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been publishing as true, the falsehoods discrepancy between the war-office esof the Trust.

timate and the actual number of sol

diers was of itself sufficient to wreck GERMANY and France have not yet every calculation as to results of the come to terms regarding Morocco.

clash of the two nations. Besides, the In consequence of the possibility of

officers were not supplied with maps of war, the French banks are withdrawing France. Maps of Germany were furtheir gold from Germany. It comes as

nished, for it was to be an "On to Bera surpri-e to learn that the latter coun

lin” campaign. The officers and soltry is heavily in debt to the former.

diers of France fought with the utmost That France should have so complete. heroism, but they had no chance. It is

different now. lv recovered from the disaster of 1870, when her capital was occupied by conquering Germans; and when a huge THE Russian Premier, Stolypin, has war indemnity of a billion dollars was

been assassinated. The motive was exacted by the relentless victors, is one political. With all the barbarism of of the marvels of modern history. Ap- Ivan the Terrible, Stolypin has crushed parently, France has the men and the every "disorder” throughout the Emmoney, ready for war, while Germany, pire. By “disorder," such despots as having the men, is without the money.

the Russian Premier meant uprisings in The fantastic Kaiser has blustered, favor of Democracy. He has shed blood as usual, but the French diplomats and like water in the effort to drive the peocabinet officers have manifested perfect ple back into medieval submission to coolness and resolution.

the “Divine Right" of Kings.

Nobody can tell what is the real ef. IN Mr. Taft's speech at Detroit, he cut fectiveness of either army, German or

out the following paragraphFrench. The war machine which Von “I am glad to be able to add that if Moltke operated was perfect. The Ger- Congress shall continue needed appromans of 1870 were prepared, in every priations, every trust of any size that respect; and the two wars—the one violates the statute, before the end of with Denmark and the other with Aus- this Administration in 1913, will be tria—had seasoned the troops and giv- brought into court and acquiest in a en practical experience to the officers. decree of disintegration by which com

On the contrary, the rottenness of petition between its parts shall be rethe Second Empire had gangreened stored and preserved under the perthe entire military system of the suasive and restrictive influence of a French.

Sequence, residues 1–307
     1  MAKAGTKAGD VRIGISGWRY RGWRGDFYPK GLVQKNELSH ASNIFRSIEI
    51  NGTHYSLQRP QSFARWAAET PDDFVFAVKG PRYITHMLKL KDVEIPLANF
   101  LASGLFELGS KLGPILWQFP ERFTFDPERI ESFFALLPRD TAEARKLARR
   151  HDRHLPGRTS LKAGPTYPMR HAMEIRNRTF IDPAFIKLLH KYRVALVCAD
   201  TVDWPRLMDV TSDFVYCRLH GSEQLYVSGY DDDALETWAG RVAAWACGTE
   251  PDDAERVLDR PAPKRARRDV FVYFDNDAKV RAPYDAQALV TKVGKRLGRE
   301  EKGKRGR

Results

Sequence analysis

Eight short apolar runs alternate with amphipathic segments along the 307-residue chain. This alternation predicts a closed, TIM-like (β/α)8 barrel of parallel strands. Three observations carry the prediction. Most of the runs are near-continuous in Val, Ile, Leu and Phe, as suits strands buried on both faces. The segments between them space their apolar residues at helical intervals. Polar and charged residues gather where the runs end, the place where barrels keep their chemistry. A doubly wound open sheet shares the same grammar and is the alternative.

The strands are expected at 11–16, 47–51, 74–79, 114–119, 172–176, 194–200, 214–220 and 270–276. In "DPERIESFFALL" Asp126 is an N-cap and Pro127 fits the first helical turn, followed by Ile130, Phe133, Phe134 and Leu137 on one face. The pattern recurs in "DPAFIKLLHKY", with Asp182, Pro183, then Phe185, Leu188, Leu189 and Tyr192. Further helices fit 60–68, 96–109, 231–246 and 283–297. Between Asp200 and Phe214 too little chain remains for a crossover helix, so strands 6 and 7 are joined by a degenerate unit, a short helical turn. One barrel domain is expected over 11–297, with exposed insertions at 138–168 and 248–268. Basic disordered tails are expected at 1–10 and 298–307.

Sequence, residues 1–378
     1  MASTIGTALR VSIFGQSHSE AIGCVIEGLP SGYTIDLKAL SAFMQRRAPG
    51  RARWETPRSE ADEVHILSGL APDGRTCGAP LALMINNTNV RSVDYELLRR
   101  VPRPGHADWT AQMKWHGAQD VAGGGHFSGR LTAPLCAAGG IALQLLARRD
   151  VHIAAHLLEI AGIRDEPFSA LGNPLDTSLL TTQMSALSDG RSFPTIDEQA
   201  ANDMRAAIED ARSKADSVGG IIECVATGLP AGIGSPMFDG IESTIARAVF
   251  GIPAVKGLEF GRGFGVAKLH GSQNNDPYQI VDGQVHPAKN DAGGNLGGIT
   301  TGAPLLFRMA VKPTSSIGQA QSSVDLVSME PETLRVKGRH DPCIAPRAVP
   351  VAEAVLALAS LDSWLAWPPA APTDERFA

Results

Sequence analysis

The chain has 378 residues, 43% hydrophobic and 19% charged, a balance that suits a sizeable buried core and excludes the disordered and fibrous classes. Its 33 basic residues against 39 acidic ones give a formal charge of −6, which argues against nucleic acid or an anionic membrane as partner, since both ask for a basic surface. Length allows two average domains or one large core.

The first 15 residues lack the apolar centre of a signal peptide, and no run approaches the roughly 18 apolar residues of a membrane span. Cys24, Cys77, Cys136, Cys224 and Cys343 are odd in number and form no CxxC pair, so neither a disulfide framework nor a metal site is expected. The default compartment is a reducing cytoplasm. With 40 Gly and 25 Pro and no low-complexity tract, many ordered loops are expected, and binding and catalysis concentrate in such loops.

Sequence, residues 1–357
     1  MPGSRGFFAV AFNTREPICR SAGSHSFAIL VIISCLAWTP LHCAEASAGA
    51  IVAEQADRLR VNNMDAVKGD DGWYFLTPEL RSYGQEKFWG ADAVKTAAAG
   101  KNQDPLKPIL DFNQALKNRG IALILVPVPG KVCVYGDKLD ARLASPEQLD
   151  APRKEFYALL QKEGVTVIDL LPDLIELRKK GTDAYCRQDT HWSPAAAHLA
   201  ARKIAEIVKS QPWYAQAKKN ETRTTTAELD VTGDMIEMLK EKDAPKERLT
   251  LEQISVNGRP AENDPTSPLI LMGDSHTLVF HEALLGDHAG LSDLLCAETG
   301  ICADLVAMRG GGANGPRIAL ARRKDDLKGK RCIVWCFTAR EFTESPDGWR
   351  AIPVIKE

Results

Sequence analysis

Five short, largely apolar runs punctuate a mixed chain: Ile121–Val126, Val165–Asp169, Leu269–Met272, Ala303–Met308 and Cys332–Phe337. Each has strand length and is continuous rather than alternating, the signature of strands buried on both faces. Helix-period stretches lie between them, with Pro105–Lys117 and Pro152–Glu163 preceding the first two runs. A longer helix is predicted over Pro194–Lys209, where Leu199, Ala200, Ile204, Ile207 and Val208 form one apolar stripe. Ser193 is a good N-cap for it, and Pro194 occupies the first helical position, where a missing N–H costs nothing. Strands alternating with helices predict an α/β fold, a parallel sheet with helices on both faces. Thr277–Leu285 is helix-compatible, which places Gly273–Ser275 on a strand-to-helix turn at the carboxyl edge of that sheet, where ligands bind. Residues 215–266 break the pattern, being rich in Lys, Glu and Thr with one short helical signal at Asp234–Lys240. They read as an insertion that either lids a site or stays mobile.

permanent and continuing injunction.” Soldiers were sent to the battle line who did not know how to use the new

Why did he cut it out! Because rifles. In some cases, the gun barrels Wall Street did not like it, and wired would be at one depot and the plungers him to that effect. In talking to the at another. In other cases, the wheels farmers,” Mr. Taft is acting the comof the commissariat wagons would be

edian in a worn-out farce. in one place and the frame-work and bodies somewhere else.

The President challenges Mr. Bryan Vast accumulations of food were to name any Trust that would not be stored so blunderingly that the soldiers broken up, under the recent decision of went hungry in the midst of plenty. the U. S. Supreme Court. In that deThe ammunition was inferior; and the cision, the Jesuitized court changed the wording of the Statute, from "any com- many. This threw the country into a bination in restraint of trade,” to “any panicky condition. Instead of issuing unreasonable combination in restraint fiat paper money, as England did durof trade.” The viciousness of this Jes- ing the Napoleonic wars, the silly Kaisuit decision is, that the Federal judges er issued treasury notes, redeemable in are made the arbiters of what consti- gold on a certain day. (Monday, Sept. tutes an "unreasonable” restraint of 18, 1911.) This was a fearful mistake. trade. The had no such power under It put Germany at the mercy of private the Sherman law. Congress never en- bankers who had the gold. That's trusted them with it; the Supreme where Morgan and Rockefeller got their Court legislated it to them.

opportunity to dictate. Cable dispatchAs Mr. Taft's challenge is not to Bry- es assert that the German Government an only, but to all others, I will take it virtually went on its knees to these priup.

vate bankers, and that J. P. Morgan The Shipping Trust, of New York, fixed the time limit for the acceptance was before the Federal courts some by Germany of France's terms. weeks after Jesuit White had an- Dear me! It hasn't been six months, nounced his decision; and the Shipping either, since Morgan was presenting to Trust got off, scot free, because the Fed- the Kaiser that Martin Luther letter, eral judge held that its combination in as a token of Morgan's profound rerestraint of trade was not "unreason- gard for him, the said Kaiser! able.” If Mr. Bryan has forgotten the case, THERE has been rioting

in the streets I hope that one of our readers will jog of Vienna, Austria, because of the his memory

high price of food. Troops were called

out; the people were fired upon, and THE Virginia courtesan, Beulah Bin- many killed or wounded.

ford, was not wanted in New York. Spain is rocking with agitation, and Not even her pictures could be toler- the throne is in peril. When a Kinglet, ated.